Residents in a long-term care facility in Black Diamond feel more at home since an artist added colour to the hallways.
A Calgary muralist was hired to create art depicting hanging pictures, plants, front entrances and windows looking out into yards in the halls, as well as café patios in the dining area and a brick front with a barber pole for the hair salon.
The Sheep River Health Trust is funding the $15,000 project, which began last year.
“It certainly adds more colour and life than a plain painted hallway,” said resident Dorothy Jackson. “They’re better than a plain wall that looks like a hospital.”
Dave Eckes, whose wife Ann has been in the Rising Sun Long-Term Care at Oilfields General Hospital for 12 years, said he and his wife enjoy the murals.
“I think they’re really nice,” he said, adding his wife had a rock motif painted on her door as per her request. “It really makes a difference. It doesn’t look so much like an institution.”
The initiative is called the Happy Optimal Meaningful Environment (HOME) project with a goal of creating a dementia-appropriate environment to reduce the feeling of institution and promote a home-like setting, according to Andrea Mitchell, executive director of Sheep River Health Trust.
“Our philosophy is that it should feel like home,” she said. “It’s that idea of defining spaces. We thought it was a great opportunity to make a huge impact on residents there. The doors to the residents’ rooms look like doors to the outside of a house.”
In the past decade, the health trust provided funds to the Rising Sun Long Term Care for a bus to transport residents, a new kitchen, a living and dining room area and a barbershop.
As for the HOME project, Mitchell said it began a year ago and is nearing completion with just a few murals left to do in one of the hallways.
“In the daily lives of the residents it makes a huge impact,” she said. “It’s huge for dementia patients to create that individualized space. It gives them an opportunity to trigger memories and it creates opportunities for conversations amongst others.
“We are trying to keep everybody as happy and as settled as possible.”
Long-term care facilities are typically not very lovely, said Mitchell, so she hopes to change that at the Rising Sun.
“It’s an opportunity for us to create a home-like environment so they feel they belong somewhere,” she said. “We want to create a nice setting for them. If patients are more secure there is less need for medical intervention.”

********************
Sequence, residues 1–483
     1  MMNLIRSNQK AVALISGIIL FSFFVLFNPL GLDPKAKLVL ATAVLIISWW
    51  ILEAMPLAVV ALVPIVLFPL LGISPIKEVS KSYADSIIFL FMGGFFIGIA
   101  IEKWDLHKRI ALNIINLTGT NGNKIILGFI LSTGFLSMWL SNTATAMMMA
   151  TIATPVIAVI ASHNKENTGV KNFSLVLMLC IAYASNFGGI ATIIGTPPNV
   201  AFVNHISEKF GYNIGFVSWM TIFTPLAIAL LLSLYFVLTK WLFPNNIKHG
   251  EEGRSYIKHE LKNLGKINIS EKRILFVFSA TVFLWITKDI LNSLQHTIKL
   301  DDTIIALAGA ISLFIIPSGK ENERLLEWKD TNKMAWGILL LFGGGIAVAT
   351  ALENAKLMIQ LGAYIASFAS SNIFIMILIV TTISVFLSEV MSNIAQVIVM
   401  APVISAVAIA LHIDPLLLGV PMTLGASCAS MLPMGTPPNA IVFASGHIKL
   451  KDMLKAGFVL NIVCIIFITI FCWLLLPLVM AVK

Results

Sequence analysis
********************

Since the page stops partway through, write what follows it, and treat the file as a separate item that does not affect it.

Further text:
Carla Ralph, the long-term care site manager, came up with the idea of the murals to help the facility’s approximately 30 residents, about 80 per cent of whom have some form of dementia, feel more at home.
“The biggest thing is really understanding that folks with dementia make decisions based on feelings,” said Ralph. “They can no longer really verbalize what’s happening. All they’re left with is how something makes them feel.”
Ralph said typical behavior amongst people with dementia when feeling anxious or discomfort is often agitation, crying and calling out.
Since the murals were painted, Ralph said she sees less of that behaviour, or when the behaviour occurs staff will walk the residents down a hallway to look at the murals.
“It feels like walking down the street and you’re seeing some entrances to homes,” she said. “It’s familiar things you would see in a house versus a hospital like an antique dresser mounted into the wall and a mural around it – things they’re familiar with seeing in their homes and something that can trigger a response.”
Ralph said the images also reduce a sense of boredom and desire to leave that some residents experience and, instead, evoke feelings of safety and security.
“For those residents who are very interactive, a lot of them have been very excited about the project,” she said. “They’ve interacted with the muralist about the colour of the flowers or will say, ‘My place is the one with the red door.’ It’s created a lot of interest going down the hallway. There is more opportunity to engage in conversation with families and volunteers.”